The 20th anniversary tour of Rent, the 1996 Off-Broadway and Broadway and 1998 West End rock opera that changed the face of musicals in general, is back at the Durham Performing Arts Center by popular demand; and the audience couldn’t be happier. With an energetic cast and recognizable music, such as “Seasons of Love,” this Tony Award®- and Pulitzer Prize-winning rock musical transcends time and reaches deep into the human soul; and the 20th anniversary tour reminds us why we fell in love with this show in the first place.
Jonathan Larson (1960-96), who wrote the book, music, and lyrics that are now world known, has a personal story that is just as compelling as this masterpiece. Like the characters, he lived in a loft with no heat and roommates who were creatives, as he was.
But the idea for this musical didn’t arrive holistically from that experience. Instead, Larson was contacted by the playwright Billy Aronson, who had an idea for a modern update of the 1896 Giacomo Puccini opera, La Bohème.
The agreement between them was that if the play (ultimately based on Larson’s experiences) made it to Broadway, Aronson would allow Larson to make Rent his own, but Aronson would share in the proceeds. Sadly, Larson never experienced the wide acclaim his musical received. He passed away in 1996 on the morning of his play’s first preview performance Off Broadway. Larson was posthumously awarded the Pulitzer, Tony, and OBIE awards for his work; and presumably, he would have been proud to realize that his work made such a difference in the world.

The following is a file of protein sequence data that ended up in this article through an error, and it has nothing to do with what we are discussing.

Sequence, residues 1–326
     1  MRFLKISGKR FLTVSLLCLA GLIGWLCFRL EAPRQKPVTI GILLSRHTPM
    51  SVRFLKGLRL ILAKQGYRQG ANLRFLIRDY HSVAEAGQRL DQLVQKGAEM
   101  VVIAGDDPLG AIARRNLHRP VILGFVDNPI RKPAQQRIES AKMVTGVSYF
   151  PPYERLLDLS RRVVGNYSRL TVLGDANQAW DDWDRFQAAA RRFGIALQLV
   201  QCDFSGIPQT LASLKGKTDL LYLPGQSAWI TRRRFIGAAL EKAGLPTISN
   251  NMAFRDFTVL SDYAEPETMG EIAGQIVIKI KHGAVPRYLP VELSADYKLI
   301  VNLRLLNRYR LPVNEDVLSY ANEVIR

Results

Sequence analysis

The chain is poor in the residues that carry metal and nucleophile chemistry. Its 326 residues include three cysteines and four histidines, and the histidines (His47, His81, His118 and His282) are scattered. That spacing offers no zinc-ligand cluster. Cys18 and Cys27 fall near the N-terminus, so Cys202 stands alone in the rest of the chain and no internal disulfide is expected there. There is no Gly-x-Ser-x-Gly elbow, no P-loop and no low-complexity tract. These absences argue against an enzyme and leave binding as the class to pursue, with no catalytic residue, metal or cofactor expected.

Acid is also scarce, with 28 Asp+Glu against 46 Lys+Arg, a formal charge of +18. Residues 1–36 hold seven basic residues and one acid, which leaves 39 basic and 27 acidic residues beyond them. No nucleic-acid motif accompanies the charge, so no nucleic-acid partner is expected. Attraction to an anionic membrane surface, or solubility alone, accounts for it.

The story of seven artists who live — and die — during the year over which the musical takes place is timeless. The struggle to survive artistically is a common one; but combine that with the financial and emotional hardships that all of them encounter, and the narrative becomes a tragedy.